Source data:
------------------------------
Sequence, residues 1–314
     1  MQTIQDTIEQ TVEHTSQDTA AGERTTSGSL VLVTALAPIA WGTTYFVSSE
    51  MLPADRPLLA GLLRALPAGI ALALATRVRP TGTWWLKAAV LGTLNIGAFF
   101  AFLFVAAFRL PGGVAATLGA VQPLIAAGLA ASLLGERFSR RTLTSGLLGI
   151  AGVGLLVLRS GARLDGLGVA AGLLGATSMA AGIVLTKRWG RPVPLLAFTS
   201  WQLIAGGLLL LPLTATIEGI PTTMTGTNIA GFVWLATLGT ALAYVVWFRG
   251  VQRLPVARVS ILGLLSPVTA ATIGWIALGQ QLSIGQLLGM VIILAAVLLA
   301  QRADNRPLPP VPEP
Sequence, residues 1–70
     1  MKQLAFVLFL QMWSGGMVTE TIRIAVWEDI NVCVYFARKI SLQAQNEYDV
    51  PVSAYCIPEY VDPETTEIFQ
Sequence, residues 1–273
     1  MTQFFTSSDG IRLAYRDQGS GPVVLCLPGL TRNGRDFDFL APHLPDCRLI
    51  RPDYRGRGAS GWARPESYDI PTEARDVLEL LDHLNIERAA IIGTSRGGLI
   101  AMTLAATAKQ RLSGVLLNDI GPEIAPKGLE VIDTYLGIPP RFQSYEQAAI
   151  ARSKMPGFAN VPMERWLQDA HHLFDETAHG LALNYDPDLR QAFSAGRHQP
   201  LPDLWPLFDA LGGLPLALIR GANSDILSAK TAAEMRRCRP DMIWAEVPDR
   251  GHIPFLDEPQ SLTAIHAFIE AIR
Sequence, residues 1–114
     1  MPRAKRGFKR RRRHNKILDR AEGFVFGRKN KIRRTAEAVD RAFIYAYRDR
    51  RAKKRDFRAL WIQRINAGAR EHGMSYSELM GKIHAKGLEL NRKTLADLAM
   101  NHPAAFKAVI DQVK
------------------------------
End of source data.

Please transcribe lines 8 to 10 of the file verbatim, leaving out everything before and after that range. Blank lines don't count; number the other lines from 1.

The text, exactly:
   301  QRADNRPLPP VPEP
Sequence, residues 1–70
     1  MKQLAFVLFL QMWSGGMVTE TIRIAVWEDI NVCVYFARKI SLQAQNEYDV